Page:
New speed limit plans could "deface the countryside", cost drivers around £300 million and distract motorists, the Campaign for Protection of Rural England (CPRE) has said.
Drivers could now see more than one million new speed limit signs in the countryside, as local authorities are encouraged by the Government to consider introducing reduced limits, according to the CPRE.
The environmental campaigning group has said it would prefer to see the national speed limit of rural single carriageway roads reduced to a speed limit of 50mph and allow local authorities the discretion to keep their safest roads at 60mph.
The CPRE added that after the success of the 20mph zones in residential areas they wanted to see a reduction in red tape to make the introduction of these zones cheaper and easier, and wanted to see powers to introduce 40mph zones on minor rural roads.
CPRE senior transport campaigner Ralph Smyth said: "After deciding against a blanket 50mph national speed limit, the Government wants to encourage local authorities to consider introducing lower speed limits locally, which require repeater signs about every 300 yards."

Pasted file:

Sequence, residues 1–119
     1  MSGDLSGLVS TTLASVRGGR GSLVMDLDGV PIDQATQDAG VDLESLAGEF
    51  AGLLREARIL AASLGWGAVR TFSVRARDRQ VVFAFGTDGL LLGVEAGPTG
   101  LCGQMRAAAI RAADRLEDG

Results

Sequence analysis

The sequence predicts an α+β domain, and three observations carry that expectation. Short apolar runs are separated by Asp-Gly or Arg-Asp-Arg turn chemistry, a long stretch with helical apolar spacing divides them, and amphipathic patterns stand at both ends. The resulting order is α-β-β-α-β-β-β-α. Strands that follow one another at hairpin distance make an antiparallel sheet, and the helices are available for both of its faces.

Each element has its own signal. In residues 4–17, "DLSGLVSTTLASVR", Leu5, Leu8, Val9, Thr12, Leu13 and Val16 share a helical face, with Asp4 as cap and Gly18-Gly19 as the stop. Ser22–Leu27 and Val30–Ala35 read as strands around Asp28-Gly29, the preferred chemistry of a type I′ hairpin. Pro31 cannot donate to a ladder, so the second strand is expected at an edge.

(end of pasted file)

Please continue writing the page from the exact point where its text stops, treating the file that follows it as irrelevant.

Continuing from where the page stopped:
A Department for Transport spokesman said: "It is vital that drivers know what the speed limit is but incorrect to say that this will mean signs every 300 yards."
The Department for Transport also added that they wanted to reduce speed limits on more dangerous roads to reduce speed-related deaths, but they wanted to avoid unnecessarily lowering limits which could delay drivers on safer roads.
© Press Association 2009